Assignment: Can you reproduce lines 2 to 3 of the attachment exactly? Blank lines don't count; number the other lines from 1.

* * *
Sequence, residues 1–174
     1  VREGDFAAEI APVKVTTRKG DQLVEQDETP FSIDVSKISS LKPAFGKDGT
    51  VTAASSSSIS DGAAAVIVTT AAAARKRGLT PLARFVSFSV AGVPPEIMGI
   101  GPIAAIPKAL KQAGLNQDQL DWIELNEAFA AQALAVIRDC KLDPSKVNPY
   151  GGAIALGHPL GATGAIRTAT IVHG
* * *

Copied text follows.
     1  VREGDFAAEI APVKVTTRKG DQLVEQDETP FSIDVSKISS LKPAFGKDGT
    51  VTAASSSSIS DGAAAVIVTT AAAARKRGLT PLARFVSFSV AGVPPEIMGI